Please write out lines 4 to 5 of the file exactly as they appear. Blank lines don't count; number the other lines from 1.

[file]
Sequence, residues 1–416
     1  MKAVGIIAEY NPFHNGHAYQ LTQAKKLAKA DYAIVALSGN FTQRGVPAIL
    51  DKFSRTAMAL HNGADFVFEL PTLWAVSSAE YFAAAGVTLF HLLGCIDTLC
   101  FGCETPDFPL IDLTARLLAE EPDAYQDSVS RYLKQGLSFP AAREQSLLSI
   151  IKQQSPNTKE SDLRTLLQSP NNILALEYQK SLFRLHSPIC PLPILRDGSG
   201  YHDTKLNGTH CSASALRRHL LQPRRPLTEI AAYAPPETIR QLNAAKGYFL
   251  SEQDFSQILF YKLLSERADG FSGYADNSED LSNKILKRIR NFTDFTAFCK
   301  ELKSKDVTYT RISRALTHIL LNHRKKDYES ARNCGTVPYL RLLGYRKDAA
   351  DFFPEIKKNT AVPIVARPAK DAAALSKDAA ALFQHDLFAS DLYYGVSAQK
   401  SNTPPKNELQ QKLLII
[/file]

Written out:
   101  FGCETPDFPL IDLTARLLAE EPDAYQDSVS RYLKQGLSFP AAREQSLLSI
   151  IKQQSPNTKE SDLRTLLQSP NNILALEYQK SLFRLHSPIC PLPILRDGSG